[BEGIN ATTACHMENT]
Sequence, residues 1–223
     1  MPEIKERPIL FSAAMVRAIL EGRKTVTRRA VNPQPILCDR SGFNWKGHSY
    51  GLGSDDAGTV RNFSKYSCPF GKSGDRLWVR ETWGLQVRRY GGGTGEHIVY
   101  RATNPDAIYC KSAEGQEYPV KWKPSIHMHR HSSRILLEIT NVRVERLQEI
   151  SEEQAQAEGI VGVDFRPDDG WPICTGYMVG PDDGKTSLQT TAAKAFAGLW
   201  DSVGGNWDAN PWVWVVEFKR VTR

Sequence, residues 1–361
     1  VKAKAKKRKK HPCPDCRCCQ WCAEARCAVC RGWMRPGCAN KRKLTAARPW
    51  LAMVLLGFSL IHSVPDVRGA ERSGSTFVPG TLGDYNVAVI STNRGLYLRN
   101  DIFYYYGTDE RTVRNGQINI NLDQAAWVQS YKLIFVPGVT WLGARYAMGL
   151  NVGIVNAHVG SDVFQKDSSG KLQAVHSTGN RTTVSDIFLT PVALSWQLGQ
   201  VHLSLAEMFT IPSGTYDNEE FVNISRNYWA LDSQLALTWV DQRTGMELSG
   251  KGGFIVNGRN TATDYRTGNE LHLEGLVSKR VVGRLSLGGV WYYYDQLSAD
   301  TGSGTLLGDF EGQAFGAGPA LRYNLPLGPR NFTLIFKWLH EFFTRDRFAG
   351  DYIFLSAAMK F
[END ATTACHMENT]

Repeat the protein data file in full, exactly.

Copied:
Sequence, residues 1–223
     1  MPEIKERPIL FSAAMVRAIL EGRKTVTRRA VNPQPILCDR SGFNWKGHSY
    51  GLGSDDAGTV RNFSKYSCPF GKSGDRLWVR ETWGLQVRRY GGGTGEHIVY
   101  RATNPDAIYC KSAEGQEYPV KWKPSIHMHR HSSRILLEIT NVRVERLQEI
   151  SEEQAQAEGI VGVDFRPDDG WPICTGYMVG PDDGKTSLQT TAAKAFAGLW
   201  DSVGGNWDAN PWVWVVEFKR VTR

Sequence, residues 1–361
     1  VKAKAKKRKK HPCPDCRCCQ WCAEARCAVC RGWMRPGCAN KRKLTAARPW
    51  LAMVLLGFSL IHSVPDVRGA ERSGSTFVPG TLGDYNVAVI STNRGLYLRN
   101  DIFYYYGTDE RTVRNGQINI NLDQAAWVQS YKLIFVPGVT WLGARYAMGL
   151  NVGIVNAHVG SDVFQKDSSG KLQAVHSTGN RTTVSDIFLT PVALSWQLGQ
   201  VHLSLAEMFT IPSGTYDNEE FVNISRNYWA LDSQLALTWV DQRTGMELSG
   251  KGGFIVNGRN TATDYRTGNE LHLEGLVSKR VVGRLSLGGV WYYYDQLSAD
   301  TGSGTLLGDF EGQAFGAGPA LRYNLPLGPR NFTLIFKWLH EFFTRDRFAG
   351  DYIFLSAAMK F